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    I/R injury induces cell death and organ dysfunction in part due to a burst of reactive oxygen species that occurs upon the reintroduction of oxygen into the ischemic area, leading to endothelial dysfunction: decreased blood NO and increased hydrogen peroxide (H2O2 ) levels. We’ve previously shown in isolated rat hearts subjected to I/R injury, gp91ds-tat attenuated cardiac contractile dysfunction and reduced infarct size compared to controls presumably by the inhibition of NADPH oxidase induced superoxide release. Superoxide can quench NO via the formation of peroxynitrite and also be converted to H2O2 in blood. We attempted to confirm this hypothesis using a rat hind limb I/R model that permitted real time measurements of changes in blood NO and H2O2. NO or H2O2 microsensors were inserted into both femoral veins in anesthetized male rats. One limb’s femoral artery/vein is subjected to I(30min)/R(45min) while the other served as a non-ischemic sham. Preliminary results show blood NO release significantly increased by the end of reperfusion in gp91ds-tat treated rats (1.2 mg/kg, MW 2452g/mol, n=5) compared to saline treated rats (n=3;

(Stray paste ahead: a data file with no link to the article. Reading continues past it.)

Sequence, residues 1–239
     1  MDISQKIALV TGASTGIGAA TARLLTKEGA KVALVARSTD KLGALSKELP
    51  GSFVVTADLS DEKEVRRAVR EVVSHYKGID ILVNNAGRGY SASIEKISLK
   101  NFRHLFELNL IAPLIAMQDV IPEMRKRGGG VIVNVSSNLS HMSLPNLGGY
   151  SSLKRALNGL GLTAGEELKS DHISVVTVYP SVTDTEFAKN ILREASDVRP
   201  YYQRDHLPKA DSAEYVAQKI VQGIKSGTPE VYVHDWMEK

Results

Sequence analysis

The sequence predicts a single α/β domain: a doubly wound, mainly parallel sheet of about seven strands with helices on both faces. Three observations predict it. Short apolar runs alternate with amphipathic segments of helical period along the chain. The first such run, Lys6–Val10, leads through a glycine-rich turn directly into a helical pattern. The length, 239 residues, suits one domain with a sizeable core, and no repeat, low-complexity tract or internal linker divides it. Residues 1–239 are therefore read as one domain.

Mitoquinone (mitoQ) Exerts Antioxidant Effects Independent of Mitochondrial Targeted Effects in Phorbol-12-myristate-13-acetate (PMA) or N-formyl-L-methiony-L-leucyl-L-phenylalanine (fMLP) Stimulated Polymorphonuclear Leukocyte (PMN) Superoxide (SO) Release

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    MitoQ is a mitochondrial-targeted coenzyme Q antioxidant analog that dose-dependently restored cardiac function and reduced infarct size in isolated perfused rat hearts subjected to ischemia reperfusion (I/R). Moreover, mitoQ also dose-dependently attenuated PMA stimulated PMN superoxide (SO) release at the same concentration (10uM) as the cardioprotective dose. NADPH oxidase is the principle source of PMN SO release. We speculate that mitoQ may exert antioxidant effects independent of the mitochondria. Therefore, we hypothesized that inhibition of mitoQ on PMN-SO release will be similar as other coenzyme Q analogs: coenzyme Q1 and decylubiquinone without affecting cell viability. SO release was measured spectrophotometrically from isolated rat PMNs measured by the reduction of ferricytochrome c and were stimulated with 100nM PMA. The absorbance was measured at 550 nm up to 360sec. Positive control samples were given SO dismutase (SOD; 10ug/ml) which inhibited PMA induced SO release by \u3e90%. MitoQ significantly inhibited SO release by 56 + 3% (10uM, n=10 ,

    The Role of Autophagy During Myocardial Ischemia/Reperfusion Injury